Earlier this weekend the families of Austin and Perry announced that they have ended their private search for the boys.
My heart broke.
Each day as the sun set, my hope waned and my heart grew sadder. I knew that with every passing hour the possibilities dimmed that these boys would be found alive…Or found at all. My momma’s heart just broke for the parents and their extended friends and family that would now face the gut-wrenching pain of loss. The sore understanding of just how bad life can hurt. The unshakable sense that forever someone is missing from your family photos.
Austin and Perry’s friends and classmates will start school this week and there will be empty desks. At the end of high school, their parents will see the facebook posts of all their peers graduating and mourn the young lives that were cut short. Those same peers will go on to begin careers, get married, and have families of their own…while Austin and Perry’s families will be left with photographs of a promising young life taken by the waves of tragedy.
It sucks. Plain and simple. I wish we could all go through life and never have to know what THAT KIND of pain feels like.
I have never lost a child, but I have walked with families who have and I have learned a few things that one may not expect when dealing with someone who is currently feeling so broken because of such a heavy loss. Allow me to share them with you in the hopes that these families may not also feel a second wave of pain due to our ignorance on how to deal with grief.
1- Unless we have lost a child, we can’t possibly know how they feel. So don’t say that.
2- Sometimes, it hurts US to see someone so hurting. We see the pain on their face, the swollen eyes, the quivering lips and we feel very uncomfortable. Don’t let your uncomfortable-ness add to their pain by turning away from them or pretending not to notice. To see someone so hurting, hurts. It’s uneasy. We get butterflies in our stomachs because we don’t know what to say or do. DON’T ignore them or their hurt. Give a hug. Pass them a card. Smile and give a kiss. You don’t have to have the perfect words — in fact, there are none. Just don’t ignore or evade them because they are hurting. Life hurts, and this kind of pain is only made MORE unbearable because many of us just avoid those hurting so badly. Don’t do that.
3- Many times, we think we shouldn’t bring up their lost loved one. I have learned that someone who is grieving the loss of a child only feels more ostracized when everyone suddenly doesn’t want to talk about the object of their affection…the child. Parents love to remember the funny things their children said or did, they love to hear how you were reminded of their child. It makes them feel closer to the child they are missing so badly when they know other people haven’t forgotten their baby either. It may seem uncomfortable at first, and yes, it may make them cry. But just because someone cries doesn’t mean that they didn’t want to hear your story. Bring up their loved one. Share photos of their child that you have with them… maybe in a card or send it to them in an email. Let them know you remember their loss and their child. Don’t pretend that sweet child never existed. Every time I have shared a memory of their child with a grieving parent it is often the only time I see them smile in a conversation. They miss that child, but they need to know you miss and remember their loved one too.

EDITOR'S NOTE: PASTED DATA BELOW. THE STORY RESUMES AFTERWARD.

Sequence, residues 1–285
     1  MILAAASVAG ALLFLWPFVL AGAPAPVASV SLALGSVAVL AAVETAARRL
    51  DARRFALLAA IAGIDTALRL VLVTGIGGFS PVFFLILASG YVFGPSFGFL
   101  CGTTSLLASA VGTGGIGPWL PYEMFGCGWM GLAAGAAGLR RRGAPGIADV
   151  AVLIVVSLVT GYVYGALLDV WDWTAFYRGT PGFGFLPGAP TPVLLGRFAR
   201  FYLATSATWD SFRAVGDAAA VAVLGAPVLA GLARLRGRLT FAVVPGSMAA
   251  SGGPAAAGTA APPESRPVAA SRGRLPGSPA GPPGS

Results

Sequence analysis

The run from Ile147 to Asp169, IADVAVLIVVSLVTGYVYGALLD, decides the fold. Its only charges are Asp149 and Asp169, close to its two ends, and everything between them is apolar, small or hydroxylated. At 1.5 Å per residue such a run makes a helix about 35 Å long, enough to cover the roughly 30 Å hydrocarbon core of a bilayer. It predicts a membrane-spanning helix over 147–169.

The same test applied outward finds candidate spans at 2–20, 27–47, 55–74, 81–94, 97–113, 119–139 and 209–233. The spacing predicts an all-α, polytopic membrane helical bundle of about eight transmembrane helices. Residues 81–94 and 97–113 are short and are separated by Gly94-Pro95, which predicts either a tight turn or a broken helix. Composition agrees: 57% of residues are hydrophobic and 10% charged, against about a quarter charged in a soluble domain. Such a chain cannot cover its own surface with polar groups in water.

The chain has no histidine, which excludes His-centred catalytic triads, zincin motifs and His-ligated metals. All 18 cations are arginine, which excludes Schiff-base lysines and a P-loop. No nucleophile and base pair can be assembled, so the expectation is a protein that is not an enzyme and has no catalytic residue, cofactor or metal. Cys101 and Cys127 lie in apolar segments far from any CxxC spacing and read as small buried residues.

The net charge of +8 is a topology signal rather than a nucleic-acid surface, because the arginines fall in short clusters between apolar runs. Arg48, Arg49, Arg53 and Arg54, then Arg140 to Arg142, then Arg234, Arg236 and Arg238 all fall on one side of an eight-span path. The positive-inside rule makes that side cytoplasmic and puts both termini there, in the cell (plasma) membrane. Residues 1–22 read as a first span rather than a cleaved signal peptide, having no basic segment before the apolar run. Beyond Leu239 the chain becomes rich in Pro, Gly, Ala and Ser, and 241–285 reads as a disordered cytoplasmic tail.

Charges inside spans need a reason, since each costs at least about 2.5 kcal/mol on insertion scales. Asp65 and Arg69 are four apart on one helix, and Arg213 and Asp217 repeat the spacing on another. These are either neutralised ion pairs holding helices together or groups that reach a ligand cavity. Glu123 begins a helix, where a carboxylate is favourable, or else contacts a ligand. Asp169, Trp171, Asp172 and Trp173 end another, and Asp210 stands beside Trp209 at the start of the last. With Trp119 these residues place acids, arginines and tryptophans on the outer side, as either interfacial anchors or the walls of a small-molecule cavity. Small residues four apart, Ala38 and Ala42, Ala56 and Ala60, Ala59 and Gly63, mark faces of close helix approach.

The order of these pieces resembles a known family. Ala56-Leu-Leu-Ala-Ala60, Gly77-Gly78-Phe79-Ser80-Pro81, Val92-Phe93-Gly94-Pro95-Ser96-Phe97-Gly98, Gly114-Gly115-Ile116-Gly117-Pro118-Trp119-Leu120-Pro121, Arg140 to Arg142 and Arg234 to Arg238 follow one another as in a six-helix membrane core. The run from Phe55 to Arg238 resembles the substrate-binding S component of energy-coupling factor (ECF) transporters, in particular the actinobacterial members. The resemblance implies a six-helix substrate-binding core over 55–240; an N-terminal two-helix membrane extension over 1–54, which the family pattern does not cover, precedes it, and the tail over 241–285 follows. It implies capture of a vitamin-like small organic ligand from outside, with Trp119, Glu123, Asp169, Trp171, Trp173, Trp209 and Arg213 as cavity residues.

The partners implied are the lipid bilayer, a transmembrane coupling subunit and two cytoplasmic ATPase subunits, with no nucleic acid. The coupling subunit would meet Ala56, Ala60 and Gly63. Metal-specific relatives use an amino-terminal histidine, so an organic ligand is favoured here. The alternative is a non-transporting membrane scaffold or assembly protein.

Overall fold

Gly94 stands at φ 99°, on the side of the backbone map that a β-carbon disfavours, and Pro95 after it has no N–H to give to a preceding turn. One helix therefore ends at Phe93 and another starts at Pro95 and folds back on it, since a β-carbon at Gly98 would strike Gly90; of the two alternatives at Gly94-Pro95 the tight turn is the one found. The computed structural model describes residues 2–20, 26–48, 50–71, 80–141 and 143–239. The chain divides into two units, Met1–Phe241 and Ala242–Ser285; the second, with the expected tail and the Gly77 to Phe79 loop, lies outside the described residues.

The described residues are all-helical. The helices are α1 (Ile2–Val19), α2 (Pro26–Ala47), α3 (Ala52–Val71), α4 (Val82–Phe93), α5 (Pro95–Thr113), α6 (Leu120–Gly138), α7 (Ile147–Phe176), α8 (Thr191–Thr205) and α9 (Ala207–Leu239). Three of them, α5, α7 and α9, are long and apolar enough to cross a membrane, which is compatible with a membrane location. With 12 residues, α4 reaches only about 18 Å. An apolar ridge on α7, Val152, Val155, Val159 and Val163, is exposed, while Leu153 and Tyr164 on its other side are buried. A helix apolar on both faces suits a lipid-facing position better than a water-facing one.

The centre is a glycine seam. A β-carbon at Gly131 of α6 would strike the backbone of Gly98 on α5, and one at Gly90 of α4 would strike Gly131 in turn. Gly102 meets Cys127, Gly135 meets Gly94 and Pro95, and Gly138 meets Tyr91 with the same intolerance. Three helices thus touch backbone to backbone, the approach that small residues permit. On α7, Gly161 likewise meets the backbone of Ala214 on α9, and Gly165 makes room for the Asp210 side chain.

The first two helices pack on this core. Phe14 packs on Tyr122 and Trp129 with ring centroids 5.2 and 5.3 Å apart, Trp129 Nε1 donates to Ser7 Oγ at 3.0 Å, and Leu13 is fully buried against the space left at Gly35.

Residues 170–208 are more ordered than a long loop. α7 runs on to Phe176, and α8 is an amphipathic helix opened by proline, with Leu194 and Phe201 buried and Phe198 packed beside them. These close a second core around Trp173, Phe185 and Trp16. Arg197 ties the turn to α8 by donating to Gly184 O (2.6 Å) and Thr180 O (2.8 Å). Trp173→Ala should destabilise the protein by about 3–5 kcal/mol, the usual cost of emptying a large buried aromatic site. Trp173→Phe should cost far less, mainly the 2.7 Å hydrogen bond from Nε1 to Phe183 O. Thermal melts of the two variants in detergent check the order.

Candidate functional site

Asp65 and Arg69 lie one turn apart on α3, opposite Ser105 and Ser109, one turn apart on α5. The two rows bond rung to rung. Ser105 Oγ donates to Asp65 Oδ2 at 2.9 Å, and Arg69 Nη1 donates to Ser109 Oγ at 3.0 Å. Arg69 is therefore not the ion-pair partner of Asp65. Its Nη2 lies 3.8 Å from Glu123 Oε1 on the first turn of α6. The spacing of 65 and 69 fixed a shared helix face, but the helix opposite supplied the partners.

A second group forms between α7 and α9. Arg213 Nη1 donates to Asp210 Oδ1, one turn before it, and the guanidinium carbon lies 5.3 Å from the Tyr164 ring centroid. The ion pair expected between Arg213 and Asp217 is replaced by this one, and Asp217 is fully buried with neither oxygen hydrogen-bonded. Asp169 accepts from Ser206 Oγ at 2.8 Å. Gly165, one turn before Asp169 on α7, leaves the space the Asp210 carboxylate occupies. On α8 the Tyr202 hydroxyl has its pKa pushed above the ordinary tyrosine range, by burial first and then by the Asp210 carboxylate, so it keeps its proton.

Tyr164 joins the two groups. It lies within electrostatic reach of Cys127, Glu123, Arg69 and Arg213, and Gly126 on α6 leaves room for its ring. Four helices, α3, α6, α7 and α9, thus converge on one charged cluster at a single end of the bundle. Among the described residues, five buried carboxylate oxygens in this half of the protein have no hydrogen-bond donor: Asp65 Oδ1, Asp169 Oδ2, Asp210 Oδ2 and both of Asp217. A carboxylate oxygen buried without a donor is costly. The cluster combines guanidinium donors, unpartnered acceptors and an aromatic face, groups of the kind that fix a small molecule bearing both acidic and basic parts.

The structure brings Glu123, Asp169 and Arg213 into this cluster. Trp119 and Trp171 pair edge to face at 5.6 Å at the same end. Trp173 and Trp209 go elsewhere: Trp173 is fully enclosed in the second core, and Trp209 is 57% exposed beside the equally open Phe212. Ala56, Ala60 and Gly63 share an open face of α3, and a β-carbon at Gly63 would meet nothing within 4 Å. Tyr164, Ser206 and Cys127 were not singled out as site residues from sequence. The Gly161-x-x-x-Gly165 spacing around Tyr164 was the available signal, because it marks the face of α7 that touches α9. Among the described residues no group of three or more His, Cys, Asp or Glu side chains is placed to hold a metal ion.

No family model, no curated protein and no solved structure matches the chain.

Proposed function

4- This should go without saying, but I have to say it anyhow… Don’t place blame or ask questions that could even be taken as causative.
People who are hurting so badly often don’t have ears that work very well. By that I mean, when we are in such pain, we are VERY sensitive to everything said. And sometimes, what one person may mean as helpful or encouraging, someone who is hurting so badly can hear very differently and therefore utmost caution is necessary.
Don’t say things you “heard” or repeat reports that you have not heard straight from the family or the media that the family has stated to be true.
Don’t reduce this to a “lesson learned” about boating safety and how you “hope other kids learn.” No one’s baby has to die for someone else to learn anything. This was a tragedy, an accident, plain and simple and it could be any parent of any teen on any given day. Don’t say that to your neighbor, your friend, or someone in the car pick up line. It will get back to the families and it will be like salt on an open wound.
I have given plenty of “don’ts” and several things that you can do, but here is probably the most important thing we can all do…
Pray for these families.
In church, in the pick up line at school. Every time you see one of them or drive past their house. Every time you go out Jupiter Inlet or drive over the US1 bridge and see those beautiful sparkling blue waters. Speak only encouraging words about them and those boys and remember with humility that no matter how hard we may try to keep our kids wrapped in a cellophane bubble, no matter how desperately we desire to do this job of parenting right, we never know what a single day, a solitary incident may do in our lives. Walk humbly. Give grace. Be in prayer for them and truly reach out to comfort them if God gives you the opportunity. It’s not easy to be a shoulder to cry on or to face someone who is struggling through such horrific pain, but know that every effort in trying can be the difference between grieving alone and as a community choosing to love.
Let’s choose love, Jupiter/North County.
Let’s make Austin and Perry proud of their hometown and the love we show their families.